The Panel also recommends a course of dexamethasone for people with COVID-19 who need supplemental oxygen but cannot be admitted to the hospital, such as when healthcare resources are limited.

Inflammatory pathway inhibitors

Body-wide, or systemic inflammation can reach very high levels in people with severe COVID-19. To help reduce inflammation, doctors administer drugs that inhibit specific inflammatory proteins and pathways. Immunomodulator is another name for these types of drugs. Medications include:

  • Baricitinib
  • Sarilumab
  • Tocilizumab
  • Tofacitinib

Who it’s for: Hospitalized patients receiving high-flow oxygen or requiring a ventilator to breathe. The Panel recommends specific drug regimens and doses in specific circumstances, sometimes as part of a clinical trial.

Convalescent plasma 

People who have recovered (convalesced) from COVID-19 have produced abundant antibodies to SARS-CoV-2 that protect against reinfection. When administered to people with COVID-19, plasma from recovered donors has the potential to help the person’s immune system to fight the virus. Low-titer plasma has a low concentration and high-titer plasma has a high concentration of antibodies against SARS-CoV-2.

Early on in the pandemic, some health centers began infusing low- and high-titer convalescent plasma into patients with COVID-19. It improved the course of disease in some people. The FDA issued an EUA for high-titer convalescent plasma for the treatment of hospitalized patients and impaired immunity.

Who it’s for: Hospitalized patients with impaired immunity may receive convalescent plasma. However, the COVID-19 Treatment Guidelines Panel states, “There is insufficient recommend for or against the use of high-titer convalescent plasma for the treatment of COVID-19.” Nonhospitalized people with COVID-19 may receive high-titer plasma as part of a clinical trial.

COVID-19 monoclonal antibodies

A monoclonal antibody is a laboratory-made biological drug, or “biologic” that can be very effective at inhibiting the progression of certain diseases, such as cancer and a variety of inflammatory conditions.

With COVID-19, monoclonal antibodies that target the virus can help prevent the infection from progressing into severe disease. The three types of COVID-19 monoclonal antibodies are:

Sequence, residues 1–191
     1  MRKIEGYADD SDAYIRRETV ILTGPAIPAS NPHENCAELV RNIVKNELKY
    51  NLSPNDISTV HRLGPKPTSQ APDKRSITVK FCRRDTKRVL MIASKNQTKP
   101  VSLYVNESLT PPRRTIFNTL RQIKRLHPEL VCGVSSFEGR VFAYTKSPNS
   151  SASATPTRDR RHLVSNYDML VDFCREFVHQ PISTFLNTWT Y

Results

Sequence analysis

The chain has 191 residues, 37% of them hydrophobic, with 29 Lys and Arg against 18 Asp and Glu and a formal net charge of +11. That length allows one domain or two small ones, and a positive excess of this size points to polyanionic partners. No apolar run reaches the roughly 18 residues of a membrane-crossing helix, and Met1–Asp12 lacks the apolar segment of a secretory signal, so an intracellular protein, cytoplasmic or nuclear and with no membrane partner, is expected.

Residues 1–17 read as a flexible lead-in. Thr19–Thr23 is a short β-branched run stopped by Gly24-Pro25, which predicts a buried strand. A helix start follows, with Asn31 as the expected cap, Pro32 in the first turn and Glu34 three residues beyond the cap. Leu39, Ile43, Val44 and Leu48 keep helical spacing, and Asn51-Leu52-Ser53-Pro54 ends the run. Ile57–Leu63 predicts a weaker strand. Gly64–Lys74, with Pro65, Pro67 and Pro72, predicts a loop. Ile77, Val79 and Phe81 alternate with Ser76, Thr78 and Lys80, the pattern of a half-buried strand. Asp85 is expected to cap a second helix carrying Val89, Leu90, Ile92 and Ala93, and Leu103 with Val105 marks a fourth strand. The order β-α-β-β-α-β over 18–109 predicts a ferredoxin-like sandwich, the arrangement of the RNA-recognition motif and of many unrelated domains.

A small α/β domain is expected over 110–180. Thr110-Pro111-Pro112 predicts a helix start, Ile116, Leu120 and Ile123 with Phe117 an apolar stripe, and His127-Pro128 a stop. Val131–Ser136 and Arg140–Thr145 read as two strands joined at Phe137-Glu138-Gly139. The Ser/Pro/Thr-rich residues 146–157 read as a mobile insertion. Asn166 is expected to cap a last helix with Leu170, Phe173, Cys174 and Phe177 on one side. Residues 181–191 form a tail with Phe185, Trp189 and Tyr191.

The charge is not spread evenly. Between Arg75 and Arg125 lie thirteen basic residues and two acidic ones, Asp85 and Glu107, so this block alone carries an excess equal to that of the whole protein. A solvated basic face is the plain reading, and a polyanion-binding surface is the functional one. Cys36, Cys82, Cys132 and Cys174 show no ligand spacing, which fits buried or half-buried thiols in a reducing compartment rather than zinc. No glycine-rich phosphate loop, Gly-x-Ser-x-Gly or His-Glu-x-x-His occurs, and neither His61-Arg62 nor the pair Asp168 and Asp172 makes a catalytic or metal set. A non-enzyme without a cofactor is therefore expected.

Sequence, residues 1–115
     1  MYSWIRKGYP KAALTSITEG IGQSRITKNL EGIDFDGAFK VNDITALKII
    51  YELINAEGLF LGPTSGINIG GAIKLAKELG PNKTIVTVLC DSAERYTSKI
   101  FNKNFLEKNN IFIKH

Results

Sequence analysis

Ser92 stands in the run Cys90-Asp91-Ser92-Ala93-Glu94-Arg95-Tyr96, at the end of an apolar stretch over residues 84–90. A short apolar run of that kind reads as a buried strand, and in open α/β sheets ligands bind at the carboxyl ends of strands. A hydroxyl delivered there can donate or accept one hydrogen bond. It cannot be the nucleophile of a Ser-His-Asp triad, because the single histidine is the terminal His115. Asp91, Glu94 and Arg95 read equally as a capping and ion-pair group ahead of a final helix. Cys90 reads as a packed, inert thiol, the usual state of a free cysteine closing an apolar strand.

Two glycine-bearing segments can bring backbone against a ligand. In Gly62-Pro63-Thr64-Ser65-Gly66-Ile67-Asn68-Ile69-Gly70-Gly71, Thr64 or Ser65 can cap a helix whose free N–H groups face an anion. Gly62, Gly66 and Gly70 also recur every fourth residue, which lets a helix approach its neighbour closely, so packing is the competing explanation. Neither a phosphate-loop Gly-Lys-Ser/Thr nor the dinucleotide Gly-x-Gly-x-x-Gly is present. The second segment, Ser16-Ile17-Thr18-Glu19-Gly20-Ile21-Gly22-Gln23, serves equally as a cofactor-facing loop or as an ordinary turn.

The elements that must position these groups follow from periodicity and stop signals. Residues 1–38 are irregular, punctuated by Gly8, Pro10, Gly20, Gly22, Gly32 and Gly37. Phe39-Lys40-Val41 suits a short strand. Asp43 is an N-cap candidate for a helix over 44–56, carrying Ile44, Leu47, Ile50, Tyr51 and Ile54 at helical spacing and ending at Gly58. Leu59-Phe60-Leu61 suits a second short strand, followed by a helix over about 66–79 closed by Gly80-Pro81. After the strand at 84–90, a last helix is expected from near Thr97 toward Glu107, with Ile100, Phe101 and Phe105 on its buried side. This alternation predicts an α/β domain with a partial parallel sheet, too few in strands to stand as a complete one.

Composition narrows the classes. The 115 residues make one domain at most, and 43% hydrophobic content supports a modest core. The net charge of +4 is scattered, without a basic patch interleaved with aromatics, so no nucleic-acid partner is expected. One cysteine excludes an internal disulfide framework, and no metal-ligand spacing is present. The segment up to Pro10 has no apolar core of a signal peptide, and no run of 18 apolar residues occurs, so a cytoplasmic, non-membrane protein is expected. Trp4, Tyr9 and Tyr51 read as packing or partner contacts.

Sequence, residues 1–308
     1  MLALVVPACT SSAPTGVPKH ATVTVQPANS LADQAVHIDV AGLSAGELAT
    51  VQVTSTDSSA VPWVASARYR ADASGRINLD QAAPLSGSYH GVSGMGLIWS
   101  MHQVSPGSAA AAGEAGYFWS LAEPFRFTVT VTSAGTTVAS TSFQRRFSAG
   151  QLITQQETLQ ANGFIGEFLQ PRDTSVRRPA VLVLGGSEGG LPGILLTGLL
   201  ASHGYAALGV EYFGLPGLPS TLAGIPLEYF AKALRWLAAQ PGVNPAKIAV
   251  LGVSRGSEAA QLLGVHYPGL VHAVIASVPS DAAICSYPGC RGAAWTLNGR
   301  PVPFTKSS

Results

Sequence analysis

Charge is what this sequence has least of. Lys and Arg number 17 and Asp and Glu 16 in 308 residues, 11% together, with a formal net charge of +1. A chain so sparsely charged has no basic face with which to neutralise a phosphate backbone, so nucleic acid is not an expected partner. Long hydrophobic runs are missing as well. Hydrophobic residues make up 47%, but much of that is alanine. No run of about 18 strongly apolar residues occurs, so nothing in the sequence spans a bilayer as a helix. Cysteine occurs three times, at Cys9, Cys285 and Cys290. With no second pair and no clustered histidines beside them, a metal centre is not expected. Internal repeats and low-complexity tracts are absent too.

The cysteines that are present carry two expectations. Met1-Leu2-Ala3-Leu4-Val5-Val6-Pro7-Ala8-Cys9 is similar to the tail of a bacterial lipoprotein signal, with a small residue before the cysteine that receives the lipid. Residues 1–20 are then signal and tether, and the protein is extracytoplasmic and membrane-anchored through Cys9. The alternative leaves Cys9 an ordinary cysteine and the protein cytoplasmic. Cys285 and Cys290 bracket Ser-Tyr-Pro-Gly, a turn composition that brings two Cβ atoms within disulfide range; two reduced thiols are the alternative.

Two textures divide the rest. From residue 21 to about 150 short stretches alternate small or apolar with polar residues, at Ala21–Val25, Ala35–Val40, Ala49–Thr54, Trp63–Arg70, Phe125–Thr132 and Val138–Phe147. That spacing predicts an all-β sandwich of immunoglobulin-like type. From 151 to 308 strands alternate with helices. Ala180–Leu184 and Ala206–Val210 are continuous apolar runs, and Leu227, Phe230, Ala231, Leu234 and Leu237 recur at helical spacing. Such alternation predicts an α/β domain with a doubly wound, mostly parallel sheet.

• Bamlanivimab plus etesevimab
  • Casirivimab plus imdevimab
  • Sotrovimab

Who it’s for: People who have been exposed to the COVID-19 virus and who have a high likelihood of developing severe COVID-19 should they contract the viral infection. COVID-19 monoclonal antibody treatment is known as post-exposure prophylaxis.

Risk factors for severe COVID-19 include having a chronic medical condition, being 65 years of age or older, being disabled, or being from a marginalized community, among other factors.

Healthcare professionals administer COVID-19 monoclonal antibodies by infusion at a hospital or other medical facility.

Demand for COVID-19 monoclonal antibody therapy is increasing, which may affect availability. Healthcare centers prioritize people most at risk. Talk with your doctor to determine if you are eligible for this treatment.

Oral antiviral medications for people at high risk of severe COVID-19

Drug companies are in the process of testing oral medications that can reduce the risk of severe disease in people with mild or moderate COVID-19. These antivirals are different from Veklury because they target pathways or proteins specific to SARS-CoV-2.

Pfizer is collaborating with Roche on a COVID-19 pill known as Paxlovid. The FDA is reviewing clinical trial data on the drug, which showed an 89% reduction in the risk of hospitalization or death due to COVID-19.

Merck is working on molnupiravir, a pill that reduces the risk of hospitalization by about 30%. (Early results showed a 50% risk reduction.)

Roche and Atea Pharmaceuticals are working on an oral antiviral drug as well. The drug is in clinical trials and early results are promising.

Who it’s for: People with SARS-CoV-2 infection who have a high likelihood of progressing to severe COVID-19. These drugs are still in clinical trials and do not have emergency use authorization or approval from the FDA.

Talk with your healthcare provider if you need more information about COVID-19 treatment options.

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    Medical Reviewer: William C. Lloyd III, MD, FACS
    Last Review Date: 2021 Dec 2
    View All Coronavirus Articles
    THIS TOOL DOES NOT PROVIDE MEDICAL ADVICE. It is intended for informational purposes only. It is not a substitute for professional medical advice, diagnosis or treatment. Never ignore professional medical advice in seeking treatment because of something you have read on the site. If you think you may have a medical emergency, immediately call your doctor or dial 911.